Pathways of spread of Phytophthora ramorum in a simulated nursery setting: an update

Kurt Heungens, Bjorn Gehesquière, Kris Van Poucke, Annelies Vercauteren, Martine Maes

    Onderzoeksoutput: Hoofdstuk in Boek/Rapport/CongresprocedureC3: Congres abstract


    European phytosanitary measures as applied to nurseries require that potential host plants within a radius of 2 m of a P. ramorum-infected plant must be destroyed and that remaining host plants within a radius of 10 m cannot be traded until they are inspected and found to be pest-free at further specific inspections. Despite the wide application and acceptance of these distances, they are not based on data regarding the in-field spread of this pathogen. Our previous study reported at the SOD4 meeting demonstrated that direct aerial spread between potted plants in nurseries is rare and limited in distance. As an extension of this reported work, we have performed a study with two objectives: 1) to test the relative importance of direct versus indirect spread of P. ramorum in nurseries and 2) to test the movement of P. ramorum from symptomatic plants to the root ball of neighboring plants via the water film. Such movement could eventually lead to long-distance spread of the pathogen via the nursery trade in latently infected plants.
    Experiments were conducted at a mock nursery plot under specific biosafety conditions. The plot was lined with an impermeable film, a common practice in potted plant production in Europe. Rhododendron was chosen as the test plant due to its susceptibility and its prevalence as a nursery host for P. ramorum in Europe. Pathogen dispersal was monitored from individual infected potted plants placed in the middle of a circle of healthy detector plants. The rate at which the disease spread onto the detector plants was monitored in replicated experiments. Indirect splash dispersal (via the water film on the plastic ground cover and back to the leaves) as well as direct aboveground plant-to-plant dispersal (via air or via leaf-to-leaf splashing) were investigated by selective physical blocking of such pathways. Indirect dispersal via the drain water film was at least as important as direct dispersal. Contamination of the drain water film was confirmed using leaf baits and direct PCR-mediated detection at significant distances from the source plants. This showed that indirect spread via the water film could take place over larger distances than direct dispersal. Movement of the pathogen from the water film into the root ball of detector plants was demonstrated using leaf baiting of the root balls combined with physical blocking of this pathway.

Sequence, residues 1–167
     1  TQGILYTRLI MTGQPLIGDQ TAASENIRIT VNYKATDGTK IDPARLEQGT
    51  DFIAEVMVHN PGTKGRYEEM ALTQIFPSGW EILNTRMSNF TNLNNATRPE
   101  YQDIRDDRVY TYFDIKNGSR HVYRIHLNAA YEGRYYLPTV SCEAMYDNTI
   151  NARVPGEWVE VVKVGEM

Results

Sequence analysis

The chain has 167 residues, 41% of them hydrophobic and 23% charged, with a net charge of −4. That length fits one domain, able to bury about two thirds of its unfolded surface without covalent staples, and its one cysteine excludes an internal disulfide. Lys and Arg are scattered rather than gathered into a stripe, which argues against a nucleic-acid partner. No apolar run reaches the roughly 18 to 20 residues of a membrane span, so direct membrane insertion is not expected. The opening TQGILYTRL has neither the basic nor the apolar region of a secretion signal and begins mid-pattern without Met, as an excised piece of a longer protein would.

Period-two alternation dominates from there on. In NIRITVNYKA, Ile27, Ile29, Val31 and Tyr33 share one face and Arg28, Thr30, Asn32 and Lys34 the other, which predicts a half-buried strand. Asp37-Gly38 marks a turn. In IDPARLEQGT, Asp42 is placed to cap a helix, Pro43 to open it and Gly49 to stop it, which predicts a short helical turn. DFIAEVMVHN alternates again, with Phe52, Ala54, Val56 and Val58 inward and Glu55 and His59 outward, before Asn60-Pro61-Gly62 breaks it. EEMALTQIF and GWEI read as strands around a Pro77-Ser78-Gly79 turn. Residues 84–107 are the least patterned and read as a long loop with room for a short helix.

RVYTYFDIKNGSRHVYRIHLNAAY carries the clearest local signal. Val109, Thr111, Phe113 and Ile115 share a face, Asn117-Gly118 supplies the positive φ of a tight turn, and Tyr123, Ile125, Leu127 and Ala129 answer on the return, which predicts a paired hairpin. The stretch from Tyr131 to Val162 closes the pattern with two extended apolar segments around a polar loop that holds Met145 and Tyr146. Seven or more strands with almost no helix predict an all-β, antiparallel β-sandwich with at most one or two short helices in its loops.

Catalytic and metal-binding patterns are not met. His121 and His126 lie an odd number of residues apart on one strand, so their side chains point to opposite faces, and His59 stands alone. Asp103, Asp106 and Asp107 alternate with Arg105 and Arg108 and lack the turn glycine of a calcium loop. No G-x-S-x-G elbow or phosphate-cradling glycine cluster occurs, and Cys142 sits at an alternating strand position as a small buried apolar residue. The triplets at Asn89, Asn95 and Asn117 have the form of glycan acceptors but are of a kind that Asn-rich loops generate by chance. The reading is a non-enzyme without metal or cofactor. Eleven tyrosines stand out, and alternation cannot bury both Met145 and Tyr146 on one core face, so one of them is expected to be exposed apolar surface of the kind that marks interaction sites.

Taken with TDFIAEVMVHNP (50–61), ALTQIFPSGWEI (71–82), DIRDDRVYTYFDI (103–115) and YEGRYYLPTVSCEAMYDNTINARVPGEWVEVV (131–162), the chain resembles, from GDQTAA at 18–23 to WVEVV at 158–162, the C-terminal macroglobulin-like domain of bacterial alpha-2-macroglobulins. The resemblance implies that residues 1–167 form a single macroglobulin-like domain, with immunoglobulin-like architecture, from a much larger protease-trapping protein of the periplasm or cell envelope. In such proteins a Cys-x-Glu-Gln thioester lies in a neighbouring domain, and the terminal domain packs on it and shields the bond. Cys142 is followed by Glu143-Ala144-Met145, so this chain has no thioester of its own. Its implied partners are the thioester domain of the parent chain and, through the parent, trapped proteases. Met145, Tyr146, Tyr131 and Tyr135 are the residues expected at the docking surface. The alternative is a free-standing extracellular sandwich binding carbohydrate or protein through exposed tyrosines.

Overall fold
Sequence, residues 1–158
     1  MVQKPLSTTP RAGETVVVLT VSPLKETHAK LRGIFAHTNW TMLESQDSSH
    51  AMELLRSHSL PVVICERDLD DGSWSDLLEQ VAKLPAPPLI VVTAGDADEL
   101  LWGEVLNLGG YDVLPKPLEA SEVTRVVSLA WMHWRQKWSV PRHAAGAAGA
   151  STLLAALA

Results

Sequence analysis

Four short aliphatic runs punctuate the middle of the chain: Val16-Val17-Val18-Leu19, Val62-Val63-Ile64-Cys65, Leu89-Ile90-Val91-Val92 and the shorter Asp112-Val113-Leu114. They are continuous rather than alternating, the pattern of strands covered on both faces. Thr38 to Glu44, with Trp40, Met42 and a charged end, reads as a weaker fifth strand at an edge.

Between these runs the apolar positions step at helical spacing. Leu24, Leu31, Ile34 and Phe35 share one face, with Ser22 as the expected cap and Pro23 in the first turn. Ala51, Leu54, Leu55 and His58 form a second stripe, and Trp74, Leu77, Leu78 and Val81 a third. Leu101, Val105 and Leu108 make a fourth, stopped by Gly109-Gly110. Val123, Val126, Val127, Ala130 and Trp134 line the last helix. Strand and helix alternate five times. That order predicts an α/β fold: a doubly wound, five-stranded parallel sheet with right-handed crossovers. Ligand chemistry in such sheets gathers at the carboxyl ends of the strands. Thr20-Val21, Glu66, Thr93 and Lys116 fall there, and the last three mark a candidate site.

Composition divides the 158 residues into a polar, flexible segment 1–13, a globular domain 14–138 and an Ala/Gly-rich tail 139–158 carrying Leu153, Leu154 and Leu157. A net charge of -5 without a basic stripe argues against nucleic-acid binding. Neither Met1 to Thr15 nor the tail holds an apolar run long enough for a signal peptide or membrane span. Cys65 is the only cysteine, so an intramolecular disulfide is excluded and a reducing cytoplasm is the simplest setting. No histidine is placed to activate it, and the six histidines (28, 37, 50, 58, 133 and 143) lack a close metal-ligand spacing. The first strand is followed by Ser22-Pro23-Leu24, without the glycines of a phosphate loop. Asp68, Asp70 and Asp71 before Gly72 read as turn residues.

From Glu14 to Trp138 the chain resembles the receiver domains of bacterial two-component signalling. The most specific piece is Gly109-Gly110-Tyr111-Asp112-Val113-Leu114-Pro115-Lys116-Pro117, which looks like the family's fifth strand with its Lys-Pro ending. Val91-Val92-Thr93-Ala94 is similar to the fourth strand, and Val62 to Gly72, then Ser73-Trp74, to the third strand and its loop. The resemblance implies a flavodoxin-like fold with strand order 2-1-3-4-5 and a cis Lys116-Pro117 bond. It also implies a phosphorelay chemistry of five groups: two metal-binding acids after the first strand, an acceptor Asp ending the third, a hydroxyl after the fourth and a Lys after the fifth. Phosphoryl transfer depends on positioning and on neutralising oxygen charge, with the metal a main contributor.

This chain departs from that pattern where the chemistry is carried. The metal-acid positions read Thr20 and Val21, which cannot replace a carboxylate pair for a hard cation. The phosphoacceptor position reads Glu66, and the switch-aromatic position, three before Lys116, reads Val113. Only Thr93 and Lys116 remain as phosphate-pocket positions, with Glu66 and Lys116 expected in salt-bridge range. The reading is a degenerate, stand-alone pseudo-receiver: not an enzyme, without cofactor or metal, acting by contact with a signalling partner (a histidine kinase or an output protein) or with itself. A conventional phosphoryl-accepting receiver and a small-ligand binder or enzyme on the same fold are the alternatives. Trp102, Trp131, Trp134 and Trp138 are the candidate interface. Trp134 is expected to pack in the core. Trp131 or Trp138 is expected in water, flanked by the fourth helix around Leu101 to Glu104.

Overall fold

These data suggest that in nurseries, direct aerial dispersal of P. ramorum can be relatively less important than spread via the (drain) water film: the pathogen can spread over several meters when an impermeable surface cover is present. The presence of such a cover could therefore be considered as a factor when quarantine actions are taken. Drain water films can contribute not only to indirect aerial plant-to-plant spread but also to root ball infection. Such infections could add to the long distance spread of the pathogen via latently infected plants.
    Oorspronkelijke taalEngels
    TitelFifth Sudden Oak Death Science Symposium - Meeting Abstracts
    PublicatiestatusGepubliceerd - 2012
    EvenementFifth Sudden Oak Death Science Symposium - Petaluma, Verenigde Staten van Amerika
    Duur: 19-jun-201222-jun-2012

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